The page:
It helps, too, that the sort of Big Conflict laid out in the story is so unexpected to me, this completely baffling conflict between the people who choose to live “on the clock”, following the standard 24-hour day regardless of what it looks like outside, versus those living off the clock and following the sun for their days and nights. You’d think it would be as simple as ignoring the people doing what you think is a crazy thing, but if you’ve lived in this world for any amount of time I think you can guess how ridiculous the tension between the groups gets.

Outside of that Big Conflict, the rest of the book is really a look at relationships and how they function under big stresses and little stresses and the everyday realities of life, which is a book I can totally get behind.

It’s not a perfect book, sadly, as the characters end up being a bit simplistic and certain actions and events are more cliché than I wanted them to be, but I think it does such a great job with its premise and elsewhere that it’s worth your time, especially if you have some people to hash out the details with.

Recommendation: For fans of quasi-apocalyptic books, weird science, and teen protagonists.

Before We Visit the Goddess, by Chitra Banerjee Divakaruni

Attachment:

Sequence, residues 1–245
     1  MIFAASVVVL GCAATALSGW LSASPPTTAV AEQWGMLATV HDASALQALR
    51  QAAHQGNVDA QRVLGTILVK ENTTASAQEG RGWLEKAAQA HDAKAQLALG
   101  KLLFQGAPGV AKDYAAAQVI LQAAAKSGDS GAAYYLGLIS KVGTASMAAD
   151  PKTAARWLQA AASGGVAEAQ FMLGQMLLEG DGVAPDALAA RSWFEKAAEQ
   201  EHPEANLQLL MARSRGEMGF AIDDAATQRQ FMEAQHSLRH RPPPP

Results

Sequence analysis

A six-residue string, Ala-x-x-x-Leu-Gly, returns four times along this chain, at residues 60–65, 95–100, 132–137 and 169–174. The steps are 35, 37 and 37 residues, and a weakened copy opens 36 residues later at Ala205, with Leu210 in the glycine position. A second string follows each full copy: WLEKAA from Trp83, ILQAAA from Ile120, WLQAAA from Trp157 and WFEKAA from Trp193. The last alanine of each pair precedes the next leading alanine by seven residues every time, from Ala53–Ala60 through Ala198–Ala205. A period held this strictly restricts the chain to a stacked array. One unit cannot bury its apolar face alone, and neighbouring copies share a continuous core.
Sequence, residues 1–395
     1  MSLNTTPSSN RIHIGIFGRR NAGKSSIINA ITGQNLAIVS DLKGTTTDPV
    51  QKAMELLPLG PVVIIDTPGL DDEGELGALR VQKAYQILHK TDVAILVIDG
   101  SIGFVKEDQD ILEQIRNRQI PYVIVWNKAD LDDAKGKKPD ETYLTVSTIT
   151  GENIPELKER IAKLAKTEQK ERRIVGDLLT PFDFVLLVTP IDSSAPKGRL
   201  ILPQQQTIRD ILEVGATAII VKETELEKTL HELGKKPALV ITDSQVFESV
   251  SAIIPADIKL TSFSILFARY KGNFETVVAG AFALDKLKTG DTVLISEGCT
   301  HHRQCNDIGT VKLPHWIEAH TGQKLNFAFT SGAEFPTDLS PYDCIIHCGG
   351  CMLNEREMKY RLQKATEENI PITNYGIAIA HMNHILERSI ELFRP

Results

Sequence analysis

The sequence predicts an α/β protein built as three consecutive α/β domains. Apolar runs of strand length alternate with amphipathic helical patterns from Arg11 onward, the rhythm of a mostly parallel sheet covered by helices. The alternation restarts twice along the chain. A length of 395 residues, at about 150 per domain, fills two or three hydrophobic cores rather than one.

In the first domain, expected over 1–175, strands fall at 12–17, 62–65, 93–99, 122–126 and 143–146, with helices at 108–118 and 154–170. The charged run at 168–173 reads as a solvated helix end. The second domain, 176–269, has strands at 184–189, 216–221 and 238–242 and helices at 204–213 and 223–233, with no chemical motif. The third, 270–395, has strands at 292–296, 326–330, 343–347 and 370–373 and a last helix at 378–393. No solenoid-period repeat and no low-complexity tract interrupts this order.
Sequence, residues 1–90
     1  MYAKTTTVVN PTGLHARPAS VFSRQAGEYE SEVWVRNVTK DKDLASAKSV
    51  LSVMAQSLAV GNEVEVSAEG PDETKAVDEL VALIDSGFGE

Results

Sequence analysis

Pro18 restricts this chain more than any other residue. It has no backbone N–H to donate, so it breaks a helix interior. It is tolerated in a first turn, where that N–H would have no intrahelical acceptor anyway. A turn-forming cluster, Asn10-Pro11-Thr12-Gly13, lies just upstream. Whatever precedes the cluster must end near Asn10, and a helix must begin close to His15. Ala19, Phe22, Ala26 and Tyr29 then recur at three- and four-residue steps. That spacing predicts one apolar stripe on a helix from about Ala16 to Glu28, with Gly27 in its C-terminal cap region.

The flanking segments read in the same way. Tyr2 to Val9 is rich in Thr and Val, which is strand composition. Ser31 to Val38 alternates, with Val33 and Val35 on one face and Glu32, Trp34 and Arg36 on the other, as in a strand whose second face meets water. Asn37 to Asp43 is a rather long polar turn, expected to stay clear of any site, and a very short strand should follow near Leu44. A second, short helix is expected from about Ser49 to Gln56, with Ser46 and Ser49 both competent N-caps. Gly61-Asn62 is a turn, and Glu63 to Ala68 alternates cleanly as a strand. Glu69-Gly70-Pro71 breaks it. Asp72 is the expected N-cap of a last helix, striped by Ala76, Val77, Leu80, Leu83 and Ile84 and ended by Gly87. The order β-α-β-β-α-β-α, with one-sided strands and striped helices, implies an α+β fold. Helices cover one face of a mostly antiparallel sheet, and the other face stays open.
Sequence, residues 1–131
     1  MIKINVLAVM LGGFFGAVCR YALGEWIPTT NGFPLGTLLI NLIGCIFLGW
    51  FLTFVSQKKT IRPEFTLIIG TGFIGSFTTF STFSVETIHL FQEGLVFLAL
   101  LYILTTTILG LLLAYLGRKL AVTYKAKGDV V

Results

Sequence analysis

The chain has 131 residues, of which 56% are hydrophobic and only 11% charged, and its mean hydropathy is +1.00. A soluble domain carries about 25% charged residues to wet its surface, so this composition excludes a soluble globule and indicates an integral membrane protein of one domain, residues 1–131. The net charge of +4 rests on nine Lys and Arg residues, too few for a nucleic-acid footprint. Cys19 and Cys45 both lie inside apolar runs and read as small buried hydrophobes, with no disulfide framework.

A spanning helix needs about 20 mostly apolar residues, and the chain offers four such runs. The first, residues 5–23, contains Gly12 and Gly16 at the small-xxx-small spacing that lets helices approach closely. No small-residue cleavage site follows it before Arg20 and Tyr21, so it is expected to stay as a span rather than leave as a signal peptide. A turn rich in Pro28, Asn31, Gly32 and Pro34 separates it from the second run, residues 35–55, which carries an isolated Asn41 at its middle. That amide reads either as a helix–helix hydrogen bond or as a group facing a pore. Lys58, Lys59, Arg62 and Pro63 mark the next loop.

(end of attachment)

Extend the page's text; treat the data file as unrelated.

Before We Visit the GoddessThe very seventh post on this lovely blog was about a really super fantastic book that I liked a lot (though you wouldn’t guess it by the miniature posts I used to write) called The Palace of Illusions. I don’t remember how I found that book — I think I probably just saw it at the library and liked the cover — but it was really a perfect book at a perfect time.

So when I saw another book from the same author (who has written probably several other books in the interim), I was hoping lightning might strike twice. It didn’t, exactly, but I did get a lovely read out of the deal, so that’s all right.

Palace was a sweeping epic fairy tale story, but Goddess is a much more straightforward novel telling the stories primarily of a grandmother, mother, and daughter and various points in their lives and across two continents, from India to California to Texas.

The novel starts off like it’s going to have a frame story — the mother calls the grandmother begging her to convince the daughter not to drop out of college. The grandmother, after a few false starts, decides to tell the daughter the story of the grandmother’s youth, with an education in India delayed by illicit love and the vagaries of rich people. But this story ends quickly and sadly and the novel moves on to the stories of the mother, eloping to America with a sometimes wonderful husband, and the daughter, dealing with the fallout of leaving college as well as the weight of a couple of generations of guilt.

It’s not the most engrossing novel — I spent plenty of time away from the novel without feeling terribly bad about it — but it is, like Palace before it, beautifully written. It is full of emotions, but mostly sad ones, and it lays down depressing truths that earned my husband some very tight bear hugs while I was reading. I’m sure he didn’t mind.